– In March 2005, Greenberg, who had run AIG since 1968, stepped down as CEO, amid an investigation by New York Attorney General Eliot Spitzer into questionable accounting practices at the firm. Though the issue was unrelated to AIGFP, the unit would soon feel the ripple effects: the credit ratings agencies responded to Greenberg’s departure, and the allegations of irregularities, by downgrading AIG’s rating from AAA to AA. That, in turn triggered provisions in some of AIGFP’s credt default swaps, requiring AIG proper to over $1 billion in collateral for the deals. It was the beginning of the end.
– Later that year, an AIGFP exec named Eugene Park took a close look at the firm’s credit default swaps portfolio, and became alarmed. Many of the CDOs that were being insured contained too large a proportion of sub-prime mortgages, meaning the risk of default was high if the housing market collapsed. And with AIG proper’s credit rating having been downgraded, there was an increased chance that it would have to come up with collateral to cover those bets. Park told Cassano and others about his concerns.
– In response, Cassano worked with researchers from the investment banks to assess the risk form subprime mortgages, and decided in late 2005 it was time to stop making credit default swaps. But he couldn’t undo the nearly $80 billion worth of collateralized debt obligations that AIGFP had made swaps on that were already on its books*.
– Still, as late as August 2007, Cassano was sanguine about the deals, telling investors on a conference call: “It is hard for us, without being flippant, to even see a scenario within any kind of realm of reason that would see us losing $1 in any of those transactions.”
Things Fall Apart
– But that same month, with the housing market collapsing and sub-prime assets plummeting in value, Goldman Sachs demanded $1.5 billion in collateral from AIG, to cover the mortgage-backed securities that AIG’s credit default swaps had insured. Under the terms of its contract, AIGFP was required to post more collateral than it would have had its credit rating remained at AAA. By October, it had posted almost $2 billion, and other counter-parties were beginning to make their own collateral demands.
–Between early October and mid November, AIG’s stock price fell 25 percent. That month, AIGFP reported that its swaps portfolio had lost $352 million. A month later, Cassano put the figure at $1.1 billion
– Late that month, Pricewaterhouse Coopers, AIG’s auditing firm, told AIG CEO Martin Sullivan that no one knew whether AIGFP’s valuation of its derivatives portfolio was accurate. That process had been led by Casssano, who, it appears, had shut out the firm’s internal accountant, Joseph St. Denis. (St. Denis would describe Cassano’s high-handed behavior and unwillingness to allow AIGFP’s transactions to be properly audited, in a letter (pdf) to congressional investigators sent the following year.)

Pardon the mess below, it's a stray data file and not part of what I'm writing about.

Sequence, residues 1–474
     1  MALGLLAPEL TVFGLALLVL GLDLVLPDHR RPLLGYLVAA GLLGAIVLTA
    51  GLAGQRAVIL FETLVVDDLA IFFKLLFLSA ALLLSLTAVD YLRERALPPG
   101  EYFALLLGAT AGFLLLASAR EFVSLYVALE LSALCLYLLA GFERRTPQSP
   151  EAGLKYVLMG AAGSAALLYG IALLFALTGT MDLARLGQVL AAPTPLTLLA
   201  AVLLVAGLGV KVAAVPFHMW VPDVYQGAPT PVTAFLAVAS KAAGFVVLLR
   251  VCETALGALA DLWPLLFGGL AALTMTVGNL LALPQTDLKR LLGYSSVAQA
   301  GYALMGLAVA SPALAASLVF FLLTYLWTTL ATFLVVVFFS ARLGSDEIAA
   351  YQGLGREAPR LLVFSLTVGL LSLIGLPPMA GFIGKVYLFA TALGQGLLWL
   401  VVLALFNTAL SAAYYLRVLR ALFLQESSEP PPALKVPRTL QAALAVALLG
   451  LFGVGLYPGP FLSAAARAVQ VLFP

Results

– And yet, Cassano and Sullivan were continuing to paint a rosy picture for investors. At a December 5 presentation, Cassano declared: “It is very difficult to see how there can be any losses in these portfolios.” Sullivan added: “”AIG has accurately identified all areas of exposure to the US residential-housing market … we are confident in out markets and the reasonableness of our valuation methods.” This presentation is currently being scrutinized by the Feds as evidence of possible fraud.
– In February 2008, AIG announced estimated losses of $11.5 billion, and that it had posted $5.3 billion in collateral.
– The following day, Sullivan announced that Cassano would step down, effective March 31. Only later, during a congressional investigation, did it come out that Cassano would get a $1 million a month consulting contract (the contract was cancelled in September 2008). It was also revealed that Cassano had made $43.6 million in salary and bonuses in 2006, and $24.2 million in 2007.
– That summer, it was reported that the Justice Department was investigating AIGFP for possible criminal fraud. The UK’s Serious Fraud Office would later announced its own probe.
– In September 2008, AIG executives learned that the ratings agencies planned to downgrade the company’s rating again. That would trigger more collateral calls, which AIG knew it couldn’t begin to cover. Desperate negotiations to keep the company afloat — including a possible $75 billion bridge loan from Goldman and JP Morgan, both major counter-parties on the credit default swaps — ensued. Tim Geithner, then the head of the New York fed, called in. But in the following days, it became clear that AIG’s level of exposure to its credit default swap losses was higher than anyone had yet understood. On Sept 16, the Federal Reserve Board, announced that it would take a nearly 80 percent equity stake in AIG — effectively taking over the firm — and would provide an $85 billion “loan”.
– In October 2008, Gerry Pasciucco, a vice chair at Morgan Stanley, was brought in to wind down AIGFP. The unit, Pasciucco found, had $2.7 trillion worth of swap contracts and positions, and 50,000 outstanding trades with 2000 different firms, and 450 employees in six offices around the world.
– In March 2009, amid outrage over multi-million dollar bonuses for those employees, AIGFP would post armed guards outside Wilton headquarters.
* This sentence has been corrected from an earlier version.